P: Buckminster Fuller's vision is certainly becoming more of a reality, but today do you find anything problematic in this optimism in technology?

JC: I'm not sure technology changes things that much; it changes them if we are concerned with what the results are. But if we deal with the new technologies as closely as we have dealt with the old ones, then we will come to appearances that aren't superficial. What I hope won't happen is that we are quickly satisfied with technology itself. What is to be hoped for is an interaction of people with technology, rather than a quick acceptance of what technology does. There's so much button pushing now, and the results are so spectacular that there's a temptation, which I hope is avoided, of just taking what the technology gives and not doing anything with it.

P: Much of your earlier work developed through a disregard for the distinctions between art and life. Do you feel there has been progress made since first formulating those ideas?

JC: I think this is one of the familiar aspects of art, that it opens our eyes to things in what we call nature or environment that had escaped our notice. In paying attention to art your observation of nature changes. There's a strong action in both directions, between our experience of environment and our experience of making things, of doing things.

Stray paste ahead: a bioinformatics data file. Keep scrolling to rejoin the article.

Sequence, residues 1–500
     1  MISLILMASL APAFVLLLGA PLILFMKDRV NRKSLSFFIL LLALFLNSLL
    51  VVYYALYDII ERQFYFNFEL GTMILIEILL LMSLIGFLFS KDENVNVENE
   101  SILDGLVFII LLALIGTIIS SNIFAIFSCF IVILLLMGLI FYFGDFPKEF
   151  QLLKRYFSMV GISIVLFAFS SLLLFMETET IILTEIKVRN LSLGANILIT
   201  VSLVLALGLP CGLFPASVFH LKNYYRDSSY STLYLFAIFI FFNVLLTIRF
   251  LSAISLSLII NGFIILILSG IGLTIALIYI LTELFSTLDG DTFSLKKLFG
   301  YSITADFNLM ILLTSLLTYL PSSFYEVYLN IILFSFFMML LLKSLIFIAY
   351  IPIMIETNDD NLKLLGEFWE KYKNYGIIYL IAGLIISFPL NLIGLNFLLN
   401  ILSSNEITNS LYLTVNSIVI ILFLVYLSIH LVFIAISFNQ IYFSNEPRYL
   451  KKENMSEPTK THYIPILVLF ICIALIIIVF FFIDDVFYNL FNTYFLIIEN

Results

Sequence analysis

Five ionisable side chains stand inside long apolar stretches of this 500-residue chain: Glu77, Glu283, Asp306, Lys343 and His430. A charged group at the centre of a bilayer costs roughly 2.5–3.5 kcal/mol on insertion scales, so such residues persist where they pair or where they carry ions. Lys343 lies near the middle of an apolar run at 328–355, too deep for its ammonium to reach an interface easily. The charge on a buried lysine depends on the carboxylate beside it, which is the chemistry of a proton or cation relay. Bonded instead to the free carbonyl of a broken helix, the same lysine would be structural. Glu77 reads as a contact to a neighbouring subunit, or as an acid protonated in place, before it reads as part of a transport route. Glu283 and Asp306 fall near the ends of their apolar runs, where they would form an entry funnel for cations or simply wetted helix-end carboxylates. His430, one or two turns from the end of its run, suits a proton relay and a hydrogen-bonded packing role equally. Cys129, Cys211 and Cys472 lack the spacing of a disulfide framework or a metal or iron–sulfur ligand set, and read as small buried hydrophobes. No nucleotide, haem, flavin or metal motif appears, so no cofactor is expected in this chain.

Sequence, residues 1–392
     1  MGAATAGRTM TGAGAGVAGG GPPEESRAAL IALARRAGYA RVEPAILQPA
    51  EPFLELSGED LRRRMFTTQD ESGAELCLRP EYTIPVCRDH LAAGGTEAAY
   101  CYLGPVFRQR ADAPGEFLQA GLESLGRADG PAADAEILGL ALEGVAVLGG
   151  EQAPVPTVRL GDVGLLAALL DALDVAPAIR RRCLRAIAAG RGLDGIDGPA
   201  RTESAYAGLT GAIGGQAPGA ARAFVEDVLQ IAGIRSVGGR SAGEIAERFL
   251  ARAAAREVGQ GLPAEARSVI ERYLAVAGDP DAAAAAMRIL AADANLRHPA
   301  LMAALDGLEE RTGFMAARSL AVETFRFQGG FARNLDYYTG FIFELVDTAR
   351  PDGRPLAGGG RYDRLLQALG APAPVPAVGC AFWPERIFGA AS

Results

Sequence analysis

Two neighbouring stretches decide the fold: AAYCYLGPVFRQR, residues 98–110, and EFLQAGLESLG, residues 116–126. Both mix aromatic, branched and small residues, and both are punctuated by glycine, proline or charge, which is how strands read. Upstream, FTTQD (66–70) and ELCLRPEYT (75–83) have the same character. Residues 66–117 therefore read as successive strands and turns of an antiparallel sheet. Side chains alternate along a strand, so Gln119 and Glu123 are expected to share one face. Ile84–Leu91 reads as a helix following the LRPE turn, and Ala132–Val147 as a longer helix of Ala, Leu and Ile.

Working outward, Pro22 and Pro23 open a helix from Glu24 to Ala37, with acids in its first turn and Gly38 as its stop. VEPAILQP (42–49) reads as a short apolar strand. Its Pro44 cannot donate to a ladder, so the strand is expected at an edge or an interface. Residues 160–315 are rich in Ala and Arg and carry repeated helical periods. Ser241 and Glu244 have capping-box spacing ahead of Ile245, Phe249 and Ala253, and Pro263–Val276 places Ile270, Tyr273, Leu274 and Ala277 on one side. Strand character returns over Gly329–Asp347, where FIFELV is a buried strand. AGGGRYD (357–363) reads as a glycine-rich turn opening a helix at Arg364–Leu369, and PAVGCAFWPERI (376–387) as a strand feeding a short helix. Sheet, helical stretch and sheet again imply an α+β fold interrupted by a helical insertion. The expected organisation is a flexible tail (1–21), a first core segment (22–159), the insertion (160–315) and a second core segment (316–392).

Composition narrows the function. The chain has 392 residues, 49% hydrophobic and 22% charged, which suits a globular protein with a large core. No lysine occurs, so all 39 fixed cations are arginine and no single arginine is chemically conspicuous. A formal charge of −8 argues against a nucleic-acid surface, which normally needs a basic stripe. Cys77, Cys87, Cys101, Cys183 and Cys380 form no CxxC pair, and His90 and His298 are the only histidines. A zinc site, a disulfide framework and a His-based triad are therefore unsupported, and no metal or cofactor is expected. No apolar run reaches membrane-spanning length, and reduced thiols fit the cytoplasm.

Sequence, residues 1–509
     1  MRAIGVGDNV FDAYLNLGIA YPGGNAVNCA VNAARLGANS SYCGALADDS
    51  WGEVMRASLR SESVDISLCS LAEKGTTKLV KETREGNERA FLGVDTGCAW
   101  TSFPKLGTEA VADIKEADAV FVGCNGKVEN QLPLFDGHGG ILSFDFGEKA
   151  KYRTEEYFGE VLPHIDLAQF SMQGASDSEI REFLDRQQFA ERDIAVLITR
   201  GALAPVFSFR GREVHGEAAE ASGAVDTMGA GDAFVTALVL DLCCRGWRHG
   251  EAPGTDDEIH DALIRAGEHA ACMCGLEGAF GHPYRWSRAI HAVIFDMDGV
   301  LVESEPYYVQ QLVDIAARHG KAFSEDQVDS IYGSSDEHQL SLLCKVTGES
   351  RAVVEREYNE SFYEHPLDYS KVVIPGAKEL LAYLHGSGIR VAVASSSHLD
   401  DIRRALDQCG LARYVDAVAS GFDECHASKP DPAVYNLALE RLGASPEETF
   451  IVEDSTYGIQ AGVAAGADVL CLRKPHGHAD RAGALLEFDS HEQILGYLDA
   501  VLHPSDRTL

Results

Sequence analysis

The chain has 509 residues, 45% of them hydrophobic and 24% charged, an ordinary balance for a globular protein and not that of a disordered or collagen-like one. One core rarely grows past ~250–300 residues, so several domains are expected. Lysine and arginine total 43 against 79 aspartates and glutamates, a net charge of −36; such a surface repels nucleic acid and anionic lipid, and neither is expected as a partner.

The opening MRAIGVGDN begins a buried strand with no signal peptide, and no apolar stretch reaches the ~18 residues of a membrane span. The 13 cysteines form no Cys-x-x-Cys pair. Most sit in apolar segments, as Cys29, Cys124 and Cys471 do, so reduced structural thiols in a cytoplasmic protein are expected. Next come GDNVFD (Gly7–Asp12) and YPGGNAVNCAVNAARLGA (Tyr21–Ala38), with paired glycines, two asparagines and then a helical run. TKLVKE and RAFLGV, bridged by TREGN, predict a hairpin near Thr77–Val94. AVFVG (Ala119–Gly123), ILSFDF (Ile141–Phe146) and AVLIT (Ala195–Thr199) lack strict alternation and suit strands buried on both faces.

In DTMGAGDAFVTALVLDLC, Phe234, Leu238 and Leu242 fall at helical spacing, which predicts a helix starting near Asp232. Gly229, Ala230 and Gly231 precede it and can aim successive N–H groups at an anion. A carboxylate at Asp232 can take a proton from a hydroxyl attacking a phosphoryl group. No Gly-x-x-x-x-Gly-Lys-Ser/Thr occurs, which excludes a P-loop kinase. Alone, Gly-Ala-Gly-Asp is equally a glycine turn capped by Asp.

P: Given your position in regard to art and life, did you ever feel that your work was anachronistic?

JC: It's a curious and interesting question... I guess we get carried away and so does our work.

P: Carried away in the work?

JC: Right. Carried away in paying attention to it. As we get involved in the work, in art so to speak, then things could be happening in nature around you which would escape your notice, because your attention is being placed on your work-so then the difference is striking. At the same time the use of the work will be to carry you back to the absence of work and just to the environment. It's very curious. It's actually a question of the movement of attention, so that your attention is placed on the work that you're doing and then once the work is done your attention moves, without any trouble, to not working, in other words, environment. However, I don't think I would say the same things about what I'm doing now. I have the impression in my work that things that I was avoiding formerly, I now no longer avoid. One thing that remains of greatest importance to me is non-intention.

P: And structure?

JC: It needn't be structure, it can just be process. I think of a structure as something having parts and I think of a process as something not having parts. You could now have something not having parts that nevertheless begins and ends. The thing I think of as being something I used to avoid, and which I no longer do, is something like harmony. Now it seems to me that harmony happens no matter what we do. It's like melody; if you make a number of sounds you automatically have melody, and now if you have several sounds together they automatically produce harmony. Most of my life I thought that I had to find an alternative to harmony, but the harmony I was thinking about was the one that had been taught at school. Now I see that everything outside of school is also harmonious.

P: A wider definition of harmony?

JC: A changed definition of harmony; one that doesn't involve any rules or laws. You might call it an anarchic harmony. Just sounds being together.